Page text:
What is the MCAT scored out of?

Question:

What is the MCAT scored out of?

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Answer:

Each of the four sections of the Medical College Admission Test (MCAT) is scored from a 118 (lowest) to a 132 (highest). So an MCAT total score ranges from 472-528.

The MCAT is made up of four sections, each of which is weighted equally in the overall score. The four sections are as follows:

  • Biological and Biochemical Foundations of Living Systems.
  • Chemical and Physical Foundations of Biological Systems.
  • Critical Analysis and Reasoning Skills.
  • Psychological, Social and Biological Foundations of Behavior.

The MCAT is a scaled exam. That means that a test taker's raw score, which is the number of questions s/he answered correctly, is converted to a final score using a conversion that take the questions' level of difficulty into account. Different tests have different levels of difficulty, so the raw score to final score conversion scale will be slightly different from one test administration to the next. Score reports include a percentile rank so that students can see how they did relative to other test takers of the same test. A percentile rank of 50%, for example, means the student did better than 50% of the test takers of the same test.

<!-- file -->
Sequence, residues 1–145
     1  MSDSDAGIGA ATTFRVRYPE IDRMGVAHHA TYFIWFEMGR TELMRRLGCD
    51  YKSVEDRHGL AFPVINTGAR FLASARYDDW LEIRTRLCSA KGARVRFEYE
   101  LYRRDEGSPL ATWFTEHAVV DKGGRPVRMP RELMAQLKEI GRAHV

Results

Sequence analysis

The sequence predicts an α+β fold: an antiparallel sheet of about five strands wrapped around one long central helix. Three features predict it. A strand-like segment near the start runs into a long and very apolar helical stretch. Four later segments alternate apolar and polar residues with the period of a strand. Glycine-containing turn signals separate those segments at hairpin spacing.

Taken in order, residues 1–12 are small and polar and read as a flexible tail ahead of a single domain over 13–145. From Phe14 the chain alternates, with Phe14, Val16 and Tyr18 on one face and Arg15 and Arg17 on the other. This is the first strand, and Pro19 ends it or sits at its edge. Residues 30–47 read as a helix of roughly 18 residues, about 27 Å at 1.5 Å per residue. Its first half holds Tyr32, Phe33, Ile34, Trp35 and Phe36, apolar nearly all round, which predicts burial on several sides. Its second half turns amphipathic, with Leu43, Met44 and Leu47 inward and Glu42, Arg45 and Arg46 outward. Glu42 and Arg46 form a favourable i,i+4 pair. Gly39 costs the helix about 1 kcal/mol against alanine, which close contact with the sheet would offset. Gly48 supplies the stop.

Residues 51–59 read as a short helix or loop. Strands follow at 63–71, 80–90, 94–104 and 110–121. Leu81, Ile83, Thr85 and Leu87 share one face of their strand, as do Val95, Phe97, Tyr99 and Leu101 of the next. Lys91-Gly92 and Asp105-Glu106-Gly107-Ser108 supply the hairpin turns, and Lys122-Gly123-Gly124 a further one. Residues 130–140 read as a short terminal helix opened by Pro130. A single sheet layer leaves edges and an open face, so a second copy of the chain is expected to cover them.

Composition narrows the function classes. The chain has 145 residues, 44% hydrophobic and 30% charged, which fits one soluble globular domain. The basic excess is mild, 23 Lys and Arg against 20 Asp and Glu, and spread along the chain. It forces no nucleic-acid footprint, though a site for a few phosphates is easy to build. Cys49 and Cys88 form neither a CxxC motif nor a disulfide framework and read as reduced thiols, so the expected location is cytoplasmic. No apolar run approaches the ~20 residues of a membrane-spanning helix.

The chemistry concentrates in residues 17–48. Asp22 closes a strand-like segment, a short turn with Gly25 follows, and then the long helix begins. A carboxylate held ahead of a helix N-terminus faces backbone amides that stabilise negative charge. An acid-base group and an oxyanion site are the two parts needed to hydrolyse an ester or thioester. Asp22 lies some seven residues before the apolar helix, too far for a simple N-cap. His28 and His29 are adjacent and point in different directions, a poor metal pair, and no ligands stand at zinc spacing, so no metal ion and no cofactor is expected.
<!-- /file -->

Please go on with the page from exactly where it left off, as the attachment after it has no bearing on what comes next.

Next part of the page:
For more information about the MCAT, check out this article: What prerequisites do I need for the MCAT?.

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